The inductees were introduced one by one to rousing applause! This was the same floor (it’s been resurfaced) they played on all those many years ago, and it was surreal. Two managers also joined them, and I must say, they all turned out well! Of the nine gentlemen who were there, six still live in the area, one the next state over and two had to travel a bit. It was worth it. The coach passed away several years ago, but two of his children joined the group.

We were born at the height of the Baby Boom and even during the years leading up to this Championship year, the Fieldhouse was packed to the rafters at every game! This night, while certainly not empty, there was plenty of room to choose to sit. It was very different. There was definitely an “Izzone” or whatever you wanted to call the student section, but it was so much smaller.

It was a competitive game. We left at halftime to go to a restaurant, but I wouldn’t have minded staying. The visiting team has been a nemesis to the Derge family for 15 years of playing and coaching, but it’s a fine school system. As it turns out, Fairborn won on a buzzer-beater.

You can’t talk much at a basketball game and you’re not supposed to, so we went to a sports restaurant to continue our conversations.

What connects you after all these years?

·         Kids and grandkids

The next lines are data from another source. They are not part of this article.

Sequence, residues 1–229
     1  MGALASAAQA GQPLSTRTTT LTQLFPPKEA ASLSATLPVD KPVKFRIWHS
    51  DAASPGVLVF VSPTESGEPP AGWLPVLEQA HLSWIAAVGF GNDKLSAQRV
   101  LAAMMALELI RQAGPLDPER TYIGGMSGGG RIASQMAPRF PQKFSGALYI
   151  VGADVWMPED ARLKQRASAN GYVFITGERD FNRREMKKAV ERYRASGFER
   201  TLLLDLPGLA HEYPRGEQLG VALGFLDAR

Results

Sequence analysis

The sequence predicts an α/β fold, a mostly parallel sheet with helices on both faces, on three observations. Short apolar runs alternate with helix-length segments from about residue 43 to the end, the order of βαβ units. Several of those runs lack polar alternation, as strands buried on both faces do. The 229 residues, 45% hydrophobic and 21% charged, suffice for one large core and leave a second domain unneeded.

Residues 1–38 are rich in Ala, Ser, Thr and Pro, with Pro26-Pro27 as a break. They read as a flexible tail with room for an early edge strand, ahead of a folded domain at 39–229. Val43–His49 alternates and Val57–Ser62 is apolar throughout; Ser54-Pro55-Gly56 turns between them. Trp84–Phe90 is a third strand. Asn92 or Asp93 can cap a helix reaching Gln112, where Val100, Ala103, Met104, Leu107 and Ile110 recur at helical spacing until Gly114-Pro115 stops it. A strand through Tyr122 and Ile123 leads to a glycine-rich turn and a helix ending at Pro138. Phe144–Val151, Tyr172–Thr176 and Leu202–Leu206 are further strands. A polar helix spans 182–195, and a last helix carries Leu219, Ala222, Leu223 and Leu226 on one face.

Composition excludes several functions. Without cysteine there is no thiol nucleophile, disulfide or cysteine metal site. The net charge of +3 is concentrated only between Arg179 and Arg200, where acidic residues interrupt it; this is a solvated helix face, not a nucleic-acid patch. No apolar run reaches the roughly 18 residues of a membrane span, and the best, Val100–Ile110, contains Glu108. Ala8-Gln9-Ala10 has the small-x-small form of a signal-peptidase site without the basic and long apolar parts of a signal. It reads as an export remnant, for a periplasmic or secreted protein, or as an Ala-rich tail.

·         Retirement plans

·         Health issues (ugh, we are NOT those people?)

·         Old funny and ornery stories.

·         Old cars we owned. (This was not me!)

·         Remembering those no longer with us.

The hair, if it’s there at all, is grayer, there’s a little bit more of most of us to love, but we are still US. We have all lived 45-46 years since, but we are still US.

We are there to love each other in a different way. We have embraced our mortality. We still enjoy each other the best way we can.

Many people from afar wished they could have come.  It was different from a class reunion in that we were really all on our own and made our own entertainment.  We’ll probably never have an occasion like this again, but it was so nice to remember a major highlight of high school!

We still felt like teenagers again! Inside.
An ad in the local newspaper.                              District Champs. Photo Credit: My mom.











Tuesday, December 27, 2016

Minimalizing Never Ends. Ever!


From Becoming Minimalist
Several people have asked me about my minimalizing this year, so I thought I would address it.

First, most of my minimalist activity took place in 2015 when we moved into the condominium

Secondly, it never ends!